Pottery found in the pit dates him to the earlier pre-Roman part of the Iron Age occupation at Bishopstone, a period when a small farming settlement was established near the crest of the hill known as Rookery Hill.
Unenclosed in its primary phase, it was later surrounded by a rectangular enclosure, outside which were fields. Excavation has revealed that the latter were cultivated intermittently from the Neolithic to the Romano-British periods.
The Iron Age structures of Bishopstone were mostly of the four and six post types and our Iron Age man would have lived in a communal house with a central fire, thatched roof and wattle and daub walls. Occupation continued throughout the Romano-British period, during the early part of which a rectangular enclosure was laid out.
Returning to the box Paola retrieves more bones. Sorting through the cold white cage of ribs she finds two examples with breaks, one which has healed a long time before death and a second, which was healing at the time of death.
“We know one fracture was recent – probably it occurred two to three weeks prior to death, because there is healing callus forming between the two broken parts. In the second example, the callus has been absorbed and the only remaining sign of an old break is a slight uneven alignment between the two pieces.”
Next out comes the upper arm (humerus) then the two bones of the forearm (the radius and ulna), then the clavicle (the collar bone) and a fragile looking scapula (shoulder blade) which Paola explains is “so thin it very rarely gets well preserved.”
Checking the left and right humerus against her own body she lays out the shoulders and arms and our 2,000-year-old man takes shape before our eyes. It’s an eerie and humbling experience.
“I don’t feel disconnected,” says Paola as she carefully lays the bones on the table. “We treat them with respect. I’m always aware I’m handling human remains and I feel extremely privileged to be doing what I’m doing and to be able to somehow bring them to life and be able to tell a story about them.
“He has muscle insertions that are well pronounced,” she continues. “He was an old, physically active man and I see the bilateral ossification of the deltoid muscles. Just by looking at them we can see that the right is slightly more robust. Whether that resulted from growing old or from being physically active wielding a weapon during what was an inter-tribal period we don’t know, but in general we do tend to be asymmetrical.”
A careful search through an assortment of brittle bones and shell-like bone fragments reveals what will become a hand.
“These ones are the carpels and metacarpals from the left hand” she says of a group of tiny bones. “Often the bones of the hand and feet do not get very well preserved – unless it was an experienced digger who knows human anatomy and knows what to expect and what to find and where.”
“This person would have been in considerable pain on a daily basis”
“This lunate, which is one of the carpal bones has a shiny surface,” she observes. “This is the result of bone rubbing against bone –or osteoarthritis- the disease of advanced age. When you don’t have cartilage between two bones they start to rub. This person would have been in considerable pain on a daily basis carrying out tasks like fetching water and doing manual labour.” Next come the lower limb bones, the femur the tibia and the fibula.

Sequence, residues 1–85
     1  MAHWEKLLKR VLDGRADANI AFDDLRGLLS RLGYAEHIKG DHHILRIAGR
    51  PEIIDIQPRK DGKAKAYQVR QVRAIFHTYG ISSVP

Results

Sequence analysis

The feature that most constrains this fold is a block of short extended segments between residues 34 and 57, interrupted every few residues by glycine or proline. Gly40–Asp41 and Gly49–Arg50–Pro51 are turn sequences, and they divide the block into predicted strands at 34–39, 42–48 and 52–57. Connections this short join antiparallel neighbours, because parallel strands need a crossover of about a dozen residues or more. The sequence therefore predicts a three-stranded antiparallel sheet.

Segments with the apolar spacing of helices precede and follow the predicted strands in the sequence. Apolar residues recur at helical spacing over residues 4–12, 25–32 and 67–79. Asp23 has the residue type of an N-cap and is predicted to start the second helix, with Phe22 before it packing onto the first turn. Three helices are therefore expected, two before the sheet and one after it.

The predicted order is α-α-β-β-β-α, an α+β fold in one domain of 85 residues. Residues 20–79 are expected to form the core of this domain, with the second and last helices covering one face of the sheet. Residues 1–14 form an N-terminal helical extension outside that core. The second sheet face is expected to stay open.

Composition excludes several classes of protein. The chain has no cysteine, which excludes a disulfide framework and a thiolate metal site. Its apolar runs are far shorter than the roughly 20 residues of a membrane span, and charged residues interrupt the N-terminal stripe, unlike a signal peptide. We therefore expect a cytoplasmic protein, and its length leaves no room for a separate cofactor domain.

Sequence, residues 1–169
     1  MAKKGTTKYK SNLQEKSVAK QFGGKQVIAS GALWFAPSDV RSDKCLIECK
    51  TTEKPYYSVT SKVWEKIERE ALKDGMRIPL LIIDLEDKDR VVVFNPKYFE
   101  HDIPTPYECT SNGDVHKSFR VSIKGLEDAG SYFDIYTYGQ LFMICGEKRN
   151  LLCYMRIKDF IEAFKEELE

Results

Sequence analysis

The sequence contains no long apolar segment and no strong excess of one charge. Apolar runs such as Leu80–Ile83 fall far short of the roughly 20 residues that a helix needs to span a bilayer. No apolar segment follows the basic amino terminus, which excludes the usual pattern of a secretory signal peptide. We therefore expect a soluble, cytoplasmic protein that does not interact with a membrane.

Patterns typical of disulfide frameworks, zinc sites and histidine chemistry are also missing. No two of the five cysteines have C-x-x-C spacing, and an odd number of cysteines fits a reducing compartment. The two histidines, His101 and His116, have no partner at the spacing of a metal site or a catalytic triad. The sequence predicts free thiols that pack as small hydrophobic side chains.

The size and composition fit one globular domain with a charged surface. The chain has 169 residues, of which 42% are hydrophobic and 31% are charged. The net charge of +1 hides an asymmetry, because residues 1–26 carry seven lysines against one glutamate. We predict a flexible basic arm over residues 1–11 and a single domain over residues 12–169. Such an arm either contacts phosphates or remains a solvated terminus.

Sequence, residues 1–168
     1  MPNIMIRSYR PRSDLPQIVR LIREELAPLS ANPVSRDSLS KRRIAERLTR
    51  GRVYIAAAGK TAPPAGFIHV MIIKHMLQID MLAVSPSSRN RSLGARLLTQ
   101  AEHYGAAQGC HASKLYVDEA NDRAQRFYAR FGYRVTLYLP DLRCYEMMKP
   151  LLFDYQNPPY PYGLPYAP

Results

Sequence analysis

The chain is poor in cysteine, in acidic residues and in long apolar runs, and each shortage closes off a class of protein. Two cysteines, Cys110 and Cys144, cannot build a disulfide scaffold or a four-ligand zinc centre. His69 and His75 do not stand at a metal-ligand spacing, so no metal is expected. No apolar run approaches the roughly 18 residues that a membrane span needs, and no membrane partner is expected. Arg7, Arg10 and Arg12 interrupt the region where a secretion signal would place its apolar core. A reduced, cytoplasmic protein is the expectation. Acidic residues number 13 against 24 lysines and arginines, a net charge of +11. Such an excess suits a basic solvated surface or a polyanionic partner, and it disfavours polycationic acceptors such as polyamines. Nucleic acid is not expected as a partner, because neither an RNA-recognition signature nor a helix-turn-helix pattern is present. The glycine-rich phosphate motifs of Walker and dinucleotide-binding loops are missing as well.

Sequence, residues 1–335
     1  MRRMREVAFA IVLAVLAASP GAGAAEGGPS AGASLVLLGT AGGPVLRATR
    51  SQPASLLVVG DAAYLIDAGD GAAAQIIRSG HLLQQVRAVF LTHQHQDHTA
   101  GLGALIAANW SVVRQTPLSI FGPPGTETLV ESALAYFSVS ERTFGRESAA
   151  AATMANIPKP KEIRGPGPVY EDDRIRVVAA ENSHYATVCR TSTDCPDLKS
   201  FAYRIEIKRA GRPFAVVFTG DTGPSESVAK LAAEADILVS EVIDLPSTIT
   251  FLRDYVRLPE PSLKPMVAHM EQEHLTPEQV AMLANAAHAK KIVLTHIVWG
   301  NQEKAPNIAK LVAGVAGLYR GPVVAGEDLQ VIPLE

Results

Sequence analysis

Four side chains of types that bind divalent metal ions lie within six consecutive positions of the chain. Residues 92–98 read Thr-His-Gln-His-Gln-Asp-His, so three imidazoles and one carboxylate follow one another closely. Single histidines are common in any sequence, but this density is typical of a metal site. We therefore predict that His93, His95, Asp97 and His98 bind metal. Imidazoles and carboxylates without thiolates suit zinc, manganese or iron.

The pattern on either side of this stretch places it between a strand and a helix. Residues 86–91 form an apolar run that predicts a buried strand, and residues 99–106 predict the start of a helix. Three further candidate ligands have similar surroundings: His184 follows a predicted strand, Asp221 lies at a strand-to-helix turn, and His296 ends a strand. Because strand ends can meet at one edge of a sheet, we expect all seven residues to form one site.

“In modern times you see more diversity in stature but in ancient skeletons they are more homogeneous and there is less variation within small populations, but the legs sometimes give clues to metabolic disease – for example rickets – but there is no evidence of rickets here.”
The feet also offer an indication of the later life of pain our Iron Age Briton lived with in later life and the calcaneus or heel bone reveals “ossification” of the Achilles tendon. “Today we would call this tendinitis – the ossification of muscles and tendons takes place with age and tends to happen more with males than females.”
So by the end of his life, this old, physically active Ancient Briton had a hard life and the local archaeological context suggests a life in agriculture. “We can tell from the muscle insertions that this individual was physically active and that he didn’t have a sedentary life,” says Paola, “and I think that even though he had osteoarthritis in the spine and hands he would still be moving around. Even though the pain didn’t stop he was definitely a physically active person at the time of death.”
A father, a farmer, an elder or a warrior? Who was this ancient ancestor who farmed the chalklands of the south over two millennia ago? Perhaps his pre-Roman existence was a largely peaceful one, but his remains tell us that, towards the end at least, pain was part of his daily life.
Dr Ponce’s work at Royal Pavilion & Museums (RPM) is part of a collaborative project between RPM and University College London funded by an Art Fund, Jonathan Ruffer Curatorial Grant. The Grant has allowed RPM to bring in Paola’s expertise to analyse human remains in the collections which haven’t been properly studied or catalogued. She is currently recording the skeletons from an Anglo Saxon cemetery excavated at Rookery Hill, Bishopstone during the 1960s.
Found out more about the work of Brighton Museum and its collection in their Museum Lab.
Brighton Museum and Art Gallery
Brighton & Hove, East Sussex
Brighton Museum & Art Gallery, with its rich and diverse collections, creates a vibrant cultural centre in and around the Royal Pavilion estate in the heart of the city of Brighton & Hove. Dynamic and innovative galleries provide greatly improved access to the Museum's nationally and locally important collections. Objects…